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Efficacy of Monitoring Devices in Reducing Damaging Sound Levels in Neonatal Intensive Care Units

February 16 @ 11:30 AM - 1:00 PM - Mann Hall, Room 203

Literature is replete with empiracal evidence showing a direct coorelation and a significant detrimental impact of noise in the NICU environment on the premature infants’ long-term health outcomes and cognitive development.   The sound levels that result from the best practices that are employed, the tools and equipment which clinicians use, the room layouts in which NICUs operate, and the soundresonating surfaces in the NICU rooms all affect the efficiency and effectiveness of the acute care delivery systems within a NICU.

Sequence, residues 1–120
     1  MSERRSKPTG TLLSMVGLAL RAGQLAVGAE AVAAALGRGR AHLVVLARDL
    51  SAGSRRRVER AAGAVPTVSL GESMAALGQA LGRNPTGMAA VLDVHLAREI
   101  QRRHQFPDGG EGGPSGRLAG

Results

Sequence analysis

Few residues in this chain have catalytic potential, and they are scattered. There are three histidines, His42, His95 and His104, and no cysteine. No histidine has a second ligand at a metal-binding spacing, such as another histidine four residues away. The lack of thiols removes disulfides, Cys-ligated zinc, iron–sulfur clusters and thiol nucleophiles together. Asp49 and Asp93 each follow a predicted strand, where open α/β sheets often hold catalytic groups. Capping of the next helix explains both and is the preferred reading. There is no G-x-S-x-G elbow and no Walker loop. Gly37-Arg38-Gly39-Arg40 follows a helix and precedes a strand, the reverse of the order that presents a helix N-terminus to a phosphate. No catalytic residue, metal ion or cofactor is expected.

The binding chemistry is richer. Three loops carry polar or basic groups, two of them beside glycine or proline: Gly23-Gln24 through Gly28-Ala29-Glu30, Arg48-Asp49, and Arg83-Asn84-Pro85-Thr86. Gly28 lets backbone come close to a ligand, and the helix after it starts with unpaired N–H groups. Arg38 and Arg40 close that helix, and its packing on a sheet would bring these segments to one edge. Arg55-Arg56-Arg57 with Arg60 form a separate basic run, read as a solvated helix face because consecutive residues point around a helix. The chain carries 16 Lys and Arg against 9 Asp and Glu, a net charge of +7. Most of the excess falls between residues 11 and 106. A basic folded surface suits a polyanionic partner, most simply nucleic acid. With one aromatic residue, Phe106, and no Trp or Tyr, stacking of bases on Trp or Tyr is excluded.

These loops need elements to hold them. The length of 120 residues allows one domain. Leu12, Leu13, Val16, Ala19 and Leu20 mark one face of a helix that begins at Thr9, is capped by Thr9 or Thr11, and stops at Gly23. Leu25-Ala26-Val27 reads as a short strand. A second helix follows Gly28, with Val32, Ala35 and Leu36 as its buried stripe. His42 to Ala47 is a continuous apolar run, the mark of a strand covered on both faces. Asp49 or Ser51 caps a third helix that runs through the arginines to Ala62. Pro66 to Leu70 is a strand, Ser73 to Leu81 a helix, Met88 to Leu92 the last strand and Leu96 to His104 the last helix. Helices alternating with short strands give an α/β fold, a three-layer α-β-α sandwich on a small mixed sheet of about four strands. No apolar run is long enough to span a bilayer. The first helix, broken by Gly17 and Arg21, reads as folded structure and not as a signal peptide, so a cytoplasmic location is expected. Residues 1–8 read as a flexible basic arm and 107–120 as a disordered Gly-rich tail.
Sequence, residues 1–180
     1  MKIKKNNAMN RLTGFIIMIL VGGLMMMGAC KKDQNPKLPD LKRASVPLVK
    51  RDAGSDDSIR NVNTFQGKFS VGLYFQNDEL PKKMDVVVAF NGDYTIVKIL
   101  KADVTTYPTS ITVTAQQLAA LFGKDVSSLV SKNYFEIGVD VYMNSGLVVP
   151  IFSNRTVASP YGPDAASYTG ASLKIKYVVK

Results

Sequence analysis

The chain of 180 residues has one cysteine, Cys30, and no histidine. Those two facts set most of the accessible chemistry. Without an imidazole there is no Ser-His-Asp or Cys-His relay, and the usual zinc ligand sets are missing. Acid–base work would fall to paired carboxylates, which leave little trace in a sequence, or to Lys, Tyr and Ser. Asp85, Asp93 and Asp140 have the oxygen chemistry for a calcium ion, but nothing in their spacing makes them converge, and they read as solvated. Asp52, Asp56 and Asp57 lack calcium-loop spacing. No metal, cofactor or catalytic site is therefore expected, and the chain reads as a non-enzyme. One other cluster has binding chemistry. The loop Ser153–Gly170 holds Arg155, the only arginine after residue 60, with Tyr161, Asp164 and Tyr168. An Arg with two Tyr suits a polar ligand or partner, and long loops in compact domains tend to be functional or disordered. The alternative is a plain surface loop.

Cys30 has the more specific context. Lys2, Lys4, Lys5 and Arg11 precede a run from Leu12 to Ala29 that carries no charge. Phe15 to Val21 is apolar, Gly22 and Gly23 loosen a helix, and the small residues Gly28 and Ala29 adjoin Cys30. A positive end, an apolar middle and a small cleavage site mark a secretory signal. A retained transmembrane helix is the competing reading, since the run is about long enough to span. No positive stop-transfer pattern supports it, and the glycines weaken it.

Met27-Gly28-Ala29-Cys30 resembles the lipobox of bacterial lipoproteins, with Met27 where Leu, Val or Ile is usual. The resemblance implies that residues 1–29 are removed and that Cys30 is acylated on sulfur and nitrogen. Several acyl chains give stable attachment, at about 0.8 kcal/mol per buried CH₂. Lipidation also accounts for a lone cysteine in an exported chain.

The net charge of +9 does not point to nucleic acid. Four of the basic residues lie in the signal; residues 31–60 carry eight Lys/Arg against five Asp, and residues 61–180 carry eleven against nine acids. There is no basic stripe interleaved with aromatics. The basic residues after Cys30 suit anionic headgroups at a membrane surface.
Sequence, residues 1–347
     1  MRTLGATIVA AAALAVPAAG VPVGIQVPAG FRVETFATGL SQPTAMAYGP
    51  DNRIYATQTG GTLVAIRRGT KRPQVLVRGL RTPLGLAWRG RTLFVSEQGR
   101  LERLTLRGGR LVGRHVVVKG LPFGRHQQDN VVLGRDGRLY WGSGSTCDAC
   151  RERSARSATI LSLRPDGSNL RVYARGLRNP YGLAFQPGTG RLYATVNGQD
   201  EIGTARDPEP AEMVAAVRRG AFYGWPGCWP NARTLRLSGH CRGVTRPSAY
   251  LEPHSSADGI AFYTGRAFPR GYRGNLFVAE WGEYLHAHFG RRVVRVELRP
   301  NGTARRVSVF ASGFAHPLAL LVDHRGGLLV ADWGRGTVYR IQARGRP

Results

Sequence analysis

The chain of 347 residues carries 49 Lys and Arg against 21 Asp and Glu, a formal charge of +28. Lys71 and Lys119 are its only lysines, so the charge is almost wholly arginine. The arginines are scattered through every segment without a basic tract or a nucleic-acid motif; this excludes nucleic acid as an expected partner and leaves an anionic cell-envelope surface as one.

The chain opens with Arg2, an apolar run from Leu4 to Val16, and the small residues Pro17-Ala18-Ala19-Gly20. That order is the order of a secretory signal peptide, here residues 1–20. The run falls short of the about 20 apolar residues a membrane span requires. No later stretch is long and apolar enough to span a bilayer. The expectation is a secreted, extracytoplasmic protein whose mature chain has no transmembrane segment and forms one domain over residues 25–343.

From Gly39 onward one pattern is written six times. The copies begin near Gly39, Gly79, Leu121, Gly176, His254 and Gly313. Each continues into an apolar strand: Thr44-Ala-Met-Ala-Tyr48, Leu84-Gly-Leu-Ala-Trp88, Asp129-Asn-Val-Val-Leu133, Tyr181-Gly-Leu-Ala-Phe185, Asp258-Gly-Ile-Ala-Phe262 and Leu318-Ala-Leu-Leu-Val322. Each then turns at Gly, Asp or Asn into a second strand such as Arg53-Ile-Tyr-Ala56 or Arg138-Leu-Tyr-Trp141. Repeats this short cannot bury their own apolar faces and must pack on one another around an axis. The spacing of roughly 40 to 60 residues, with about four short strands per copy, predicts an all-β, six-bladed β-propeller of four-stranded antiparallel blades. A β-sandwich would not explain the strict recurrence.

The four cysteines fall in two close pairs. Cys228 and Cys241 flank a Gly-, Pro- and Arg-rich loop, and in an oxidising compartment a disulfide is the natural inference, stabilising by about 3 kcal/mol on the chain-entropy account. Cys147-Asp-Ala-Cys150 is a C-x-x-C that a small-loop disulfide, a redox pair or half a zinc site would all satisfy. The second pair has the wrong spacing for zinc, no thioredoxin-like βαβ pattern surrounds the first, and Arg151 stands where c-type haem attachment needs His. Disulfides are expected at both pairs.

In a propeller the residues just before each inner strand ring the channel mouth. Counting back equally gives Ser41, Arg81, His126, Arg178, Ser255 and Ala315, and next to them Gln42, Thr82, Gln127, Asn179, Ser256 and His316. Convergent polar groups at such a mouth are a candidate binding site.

Join assistant professors Abram Walton and Darrell Sanders discuss research used to show whether or not excessive NICU noise is a result of the occupants therein, or whether further human factors engineering studies must be conducted to further reduce the noise in a NICU through the redesign of equipment, surfaces, and layouts. In essence, the efforts of delivering lifesaving care to premature infants should not, in and of themselves, further effect harm on patients. Therefore, the delivery systems within a NICU must ensure patient safety, while maximizing acute care efficiency through the use of information technology, and reengineered best practices.

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